Wooden or woody breast (WB) is a myopathy of the pectoralis major in fast-growing broilers that influences the quality of breast meat and causes an economic loss in the poultry industry. The objective of this study was to evaluate growth and proteome differences between 5 genetic strains of broilers that yield WB and normal breast (NB) meat. Eight-week-old broilers were evaluated for the WB myopathy and divided into NB and WB groups. Differential expression of proteins was analyzed using 2-dimensional gel electrophoresis and LC-MS/MS to elucidate the mechanism behind the breast myopathy because of the genetic backgrounds of the birds. The percentages of birds with WB were 61.3, 68.8, 46.9, 45.2, and 87.5% for strains 1-5, respectively, indicating variability in WB myopathy among broiler strains. Birds from strains 1, 3, and 5 in the WB group were heavier than those in the NB group (P < 0.05). Woody breast meat from all strains were heavier than NB meat (P < 0.05). Within WB, strain 5 had a greater breast yield than strains 1, 3, and 4 (P < 0.0001). Woody breast from strains 2, 3, 4, and 5 had a greater breast yield than NB (P < 0.05). Six proteins were more abundant in NB of strain 5 than those of strains 2, 3, and 4, and these proteins were related to muscle growth, regeneration, contraction, apoptosis, and oxidative stress. Within WB, 14 proteins were differentially expressed between strain 5 and other strains, suggesting high protein synthesis, weak structural integrity, intense contraction, and oxidative stress in strain 5 birds. The differences between WB from strain 3 and strains 1, 2, and 4 were mainly glycolytic. In conclusion, protein profiles of broiler breast differed because of both broiler genetics and the presence of WB myopathy.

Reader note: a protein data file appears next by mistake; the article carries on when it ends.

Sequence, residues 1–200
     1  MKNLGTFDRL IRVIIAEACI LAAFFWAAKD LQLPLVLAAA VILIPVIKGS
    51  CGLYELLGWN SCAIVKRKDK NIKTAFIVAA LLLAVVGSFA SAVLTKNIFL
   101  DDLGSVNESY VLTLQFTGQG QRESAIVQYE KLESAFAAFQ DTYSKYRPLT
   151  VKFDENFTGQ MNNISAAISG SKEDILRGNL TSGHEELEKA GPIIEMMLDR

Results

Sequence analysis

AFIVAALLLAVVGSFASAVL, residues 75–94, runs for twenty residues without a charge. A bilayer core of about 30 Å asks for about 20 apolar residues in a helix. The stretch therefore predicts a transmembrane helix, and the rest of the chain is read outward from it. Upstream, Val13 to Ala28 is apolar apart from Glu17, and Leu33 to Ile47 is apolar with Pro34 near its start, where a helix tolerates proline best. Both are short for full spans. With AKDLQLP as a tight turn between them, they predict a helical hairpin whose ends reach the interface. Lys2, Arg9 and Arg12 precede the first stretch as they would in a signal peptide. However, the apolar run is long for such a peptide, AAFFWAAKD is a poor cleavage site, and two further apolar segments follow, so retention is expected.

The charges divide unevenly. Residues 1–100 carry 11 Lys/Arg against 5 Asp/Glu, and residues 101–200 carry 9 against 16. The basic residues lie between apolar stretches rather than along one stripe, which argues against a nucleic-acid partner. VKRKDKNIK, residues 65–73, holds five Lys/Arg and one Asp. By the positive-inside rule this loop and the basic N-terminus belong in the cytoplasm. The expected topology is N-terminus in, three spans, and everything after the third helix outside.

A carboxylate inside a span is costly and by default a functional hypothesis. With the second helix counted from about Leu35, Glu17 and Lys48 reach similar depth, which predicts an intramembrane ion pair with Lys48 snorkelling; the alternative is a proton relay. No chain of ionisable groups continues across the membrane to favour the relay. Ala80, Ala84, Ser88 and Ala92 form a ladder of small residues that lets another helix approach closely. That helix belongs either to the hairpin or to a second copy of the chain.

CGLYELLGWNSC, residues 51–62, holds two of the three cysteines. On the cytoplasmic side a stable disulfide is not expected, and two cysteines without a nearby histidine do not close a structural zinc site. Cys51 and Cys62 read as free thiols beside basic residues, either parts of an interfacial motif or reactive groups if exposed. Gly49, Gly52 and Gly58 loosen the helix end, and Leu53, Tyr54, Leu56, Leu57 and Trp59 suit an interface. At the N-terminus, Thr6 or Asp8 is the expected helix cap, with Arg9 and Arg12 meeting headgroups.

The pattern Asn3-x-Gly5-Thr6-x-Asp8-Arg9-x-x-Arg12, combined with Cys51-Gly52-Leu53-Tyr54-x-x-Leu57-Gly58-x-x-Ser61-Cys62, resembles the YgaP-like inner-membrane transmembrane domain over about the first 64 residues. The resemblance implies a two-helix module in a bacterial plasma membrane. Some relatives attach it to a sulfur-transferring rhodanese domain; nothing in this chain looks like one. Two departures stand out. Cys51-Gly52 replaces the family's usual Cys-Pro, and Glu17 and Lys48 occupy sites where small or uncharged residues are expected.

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Published in Poultry Science, v. 100, issue 4, 100994.

© 2021 Published by Elsevier Inc. on behalf of Poultry Science Association Inc.

This is an open access article under the CC BY license (https://creativecommons.org/licenses/by/4.0/).

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This material is based upon work that is supported by the National Institute of Food and Agriculture, U.S. Department of Agriculture, under award number 2017-67017-26473.